The clinicopathologic features in our 3 cases best correspond to a widespread giant cellulitis-like form of Sweet syndrome. Knowledge of this newly observed unusual variant of Sweet syndrome within the broad spectrum of neutrophilic diseases is important for its prompt and proper management.

Labels: , , , , ,

Saturday, January 12, 2013

Infected orthokeratinized odontogenic cyst: a rare cause of facial cellulitis.

Infected orthokeratinized odontogenic cyst: a rare cause of facial cellulitis.

Oct 2012


Department of Oral Pathology, Dental School, Federal University of Rio Grande do Norte, Natal, RN, Brazil.


Orthokeratinized odontogenic cysts (OOCs) are relatively uncommon developmental cysts lined with orthokeratinized epithelium consisting of a prominent granular layer and a basal layer of low cuboidal flattened cells that show no tendency for nuclear palisading. These cysts have been considered a distinct entity from odontogenic keratocysts since they exhibit a less aggressive behavior and a very low rate of recurrence. Developmental odontogenic cysts can become infected but serious complications, such as potentially life-threatening cellulitis, are rare. This report describes a rare case of facia lcellulitis secondary to an infected OOC located in the mandible of a 27-year-old man. The relevant literature about the clinical-pathological features of OOC is reviewed.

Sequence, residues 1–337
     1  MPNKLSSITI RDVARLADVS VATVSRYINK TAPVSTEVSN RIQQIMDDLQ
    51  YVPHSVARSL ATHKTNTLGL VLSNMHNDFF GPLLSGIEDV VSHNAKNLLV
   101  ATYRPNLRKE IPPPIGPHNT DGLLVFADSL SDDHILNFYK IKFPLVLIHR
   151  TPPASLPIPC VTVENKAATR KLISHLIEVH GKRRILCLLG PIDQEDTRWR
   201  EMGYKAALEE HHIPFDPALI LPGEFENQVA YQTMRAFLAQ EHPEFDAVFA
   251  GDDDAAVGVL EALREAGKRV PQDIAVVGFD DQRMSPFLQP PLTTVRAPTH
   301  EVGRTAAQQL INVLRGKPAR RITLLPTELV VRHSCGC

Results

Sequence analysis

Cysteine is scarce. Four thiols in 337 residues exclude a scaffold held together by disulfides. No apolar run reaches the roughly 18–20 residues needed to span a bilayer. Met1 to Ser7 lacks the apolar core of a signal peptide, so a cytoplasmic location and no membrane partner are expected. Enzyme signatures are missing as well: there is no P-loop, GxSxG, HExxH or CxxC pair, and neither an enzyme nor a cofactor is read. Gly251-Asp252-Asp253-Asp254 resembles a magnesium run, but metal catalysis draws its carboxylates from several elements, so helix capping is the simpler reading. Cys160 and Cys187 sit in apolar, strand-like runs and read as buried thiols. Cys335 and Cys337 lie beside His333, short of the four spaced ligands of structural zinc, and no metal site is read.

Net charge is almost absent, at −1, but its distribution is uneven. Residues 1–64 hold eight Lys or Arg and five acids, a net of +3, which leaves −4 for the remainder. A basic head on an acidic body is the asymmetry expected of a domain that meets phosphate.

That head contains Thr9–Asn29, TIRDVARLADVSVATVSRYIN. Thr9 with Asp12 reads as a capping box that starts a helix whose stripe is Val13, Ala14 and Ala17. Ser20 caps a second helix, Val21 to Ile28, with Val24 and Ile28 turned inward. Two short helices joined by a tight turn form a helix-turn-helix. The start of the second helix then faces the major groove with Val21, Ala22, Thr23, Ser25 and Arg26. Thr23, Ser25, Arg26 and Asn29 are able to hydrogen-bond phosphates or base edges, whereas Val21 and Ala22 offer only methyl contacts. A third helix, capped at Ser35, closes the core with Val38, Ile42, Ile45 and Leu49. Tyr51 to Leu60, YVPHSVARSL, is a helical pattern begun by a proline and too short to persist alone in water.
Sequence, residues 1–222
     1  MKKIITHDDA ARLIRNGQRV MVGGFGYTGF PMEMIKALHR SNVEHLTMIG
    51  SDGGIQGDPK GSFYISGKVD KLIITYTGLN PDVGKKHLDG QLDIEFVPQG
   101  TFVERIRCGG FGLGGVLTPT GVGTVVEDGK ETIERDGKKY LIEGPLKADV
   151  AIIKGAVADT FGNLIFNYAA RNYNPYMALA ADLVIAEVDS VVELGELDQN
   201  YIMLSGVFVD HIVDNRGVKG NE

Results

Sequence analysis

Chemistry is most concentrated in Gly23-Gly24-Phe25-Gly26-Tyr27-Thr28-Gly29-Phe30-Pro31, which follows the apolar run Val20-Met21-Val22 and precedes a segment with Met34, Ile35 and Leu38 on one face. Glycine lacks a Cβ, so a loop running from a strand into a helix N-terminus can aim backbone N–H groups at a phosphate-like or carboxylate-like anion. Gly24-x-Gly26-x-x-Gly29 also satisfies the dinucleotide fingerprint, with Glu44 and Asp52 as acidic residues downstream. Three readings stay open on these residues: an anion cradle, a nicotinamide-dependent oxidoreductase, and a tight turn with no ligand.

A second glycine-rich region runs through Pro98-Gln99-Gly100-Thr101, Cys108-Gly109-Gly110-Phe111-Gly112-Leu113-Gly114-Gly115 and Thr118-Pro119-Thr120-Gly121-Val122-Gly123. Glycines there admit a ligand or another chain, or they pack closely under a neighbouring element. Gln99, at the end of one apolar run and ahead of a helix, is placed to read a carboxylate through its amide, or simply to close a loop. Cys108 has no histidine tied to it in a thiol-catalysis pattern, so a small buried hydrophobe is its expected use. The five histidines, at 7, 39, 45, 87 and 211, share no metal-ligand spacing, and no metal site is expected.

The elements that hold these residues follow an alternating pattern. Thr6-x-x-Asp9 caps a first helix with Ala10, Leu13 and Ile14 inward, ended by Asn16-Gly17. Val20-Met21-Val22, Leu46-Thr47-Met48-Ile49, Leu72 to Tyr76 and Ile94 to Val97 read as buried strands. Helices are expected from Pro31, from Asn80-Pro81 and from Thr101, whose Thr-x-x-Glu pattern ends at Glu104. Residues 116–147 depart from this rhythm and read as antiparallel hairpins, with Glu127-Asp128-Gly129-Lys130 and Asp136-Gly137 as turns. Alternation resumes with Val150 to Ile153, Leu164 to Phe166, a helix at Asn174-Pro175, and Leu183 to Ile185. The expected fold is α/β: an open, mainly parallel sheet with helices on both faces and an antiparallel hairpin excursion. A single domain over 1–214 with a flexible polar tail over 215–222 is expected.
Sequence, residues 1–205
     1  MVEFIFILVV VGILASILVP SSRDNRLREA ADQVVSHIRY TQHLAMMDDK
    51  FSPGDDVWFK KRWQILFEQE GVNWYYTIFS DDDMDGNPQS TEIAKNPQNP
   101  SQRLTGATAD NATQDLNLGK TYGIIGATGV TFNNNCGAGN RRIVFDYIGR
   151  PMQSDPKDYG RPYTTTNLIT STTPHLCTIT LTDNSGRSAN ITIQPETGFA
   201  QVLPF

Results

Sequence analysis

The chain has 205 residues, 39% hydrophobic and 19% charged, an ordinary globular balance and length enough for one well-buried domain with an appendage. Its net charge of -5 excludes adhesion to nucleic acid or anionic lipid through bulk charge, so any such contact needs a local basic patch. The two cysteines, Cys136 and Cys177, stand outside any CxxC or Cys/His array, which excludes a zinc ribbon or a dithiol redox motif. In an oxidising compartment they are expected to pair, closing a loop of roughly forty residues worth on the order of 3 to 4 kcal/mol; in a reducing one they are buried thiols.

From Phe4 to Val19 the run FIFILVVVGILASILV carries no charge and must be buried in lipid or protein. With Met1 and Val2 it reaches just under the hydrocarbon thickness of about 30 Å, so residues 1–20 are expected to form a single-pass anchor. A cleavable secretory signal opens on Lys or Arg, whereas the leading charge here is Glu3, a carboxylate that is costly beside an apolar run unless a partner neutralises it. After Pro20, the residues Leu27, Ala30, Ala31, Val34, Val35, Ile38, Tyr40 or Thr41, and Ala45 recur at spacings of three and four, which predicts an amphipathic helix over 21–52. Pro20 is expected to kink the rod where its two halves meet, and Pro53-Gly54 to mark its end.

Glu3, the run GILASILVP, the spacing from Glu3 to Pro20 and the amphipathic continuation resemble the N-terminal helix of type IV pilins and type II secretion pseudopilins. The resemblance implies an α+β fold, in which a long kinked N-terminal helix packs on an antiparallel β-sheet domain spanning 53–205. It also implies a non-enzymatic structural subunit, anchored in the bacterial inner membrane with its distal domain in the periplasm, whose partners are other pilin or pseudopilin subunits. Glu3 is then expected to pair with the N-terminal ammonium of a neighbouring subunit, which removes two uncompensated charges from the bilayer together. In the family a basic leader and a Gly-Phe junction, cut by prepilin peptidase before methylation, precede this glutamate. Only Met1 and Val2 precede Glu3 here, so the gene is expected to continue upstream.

Labels: , ,

Sunday, January 06, 2013

Successful treatment of steroid-dependent eosinophilic cellulitis with cyclosporine.

Successful treatment of steroid-dependent eosinophilic cellulitis with cyclosporine.

Jan 2013


Department of Pediatrics, Inje University Sanggye Paik Hospital, Seoul, Korea.


Eosinophilic cellulitis (EC) is a rare idiopathic disorder, first described as a "recurrent granulomatous dermatitis with eosinophilia", that mimics cellulitis of infectious origin. We describe here a previously healthy 11-year-old girl who experienced fever and tender erythematous patch lesions after trauma to her knees. Because of the relapsing cellulitis-like skin lesions, skin biopsies were taken, resulting in a diagnosis of EC. The patient responded well to oral prednisolone but experienced side effects and relapse during dose tapering. She was switched from prednisolone to cyclosporine. Her EC remained under control, and she showed no evidence of relapse after discontinuation of cyclosporine.

Full text

see also:

Labels: , , , ,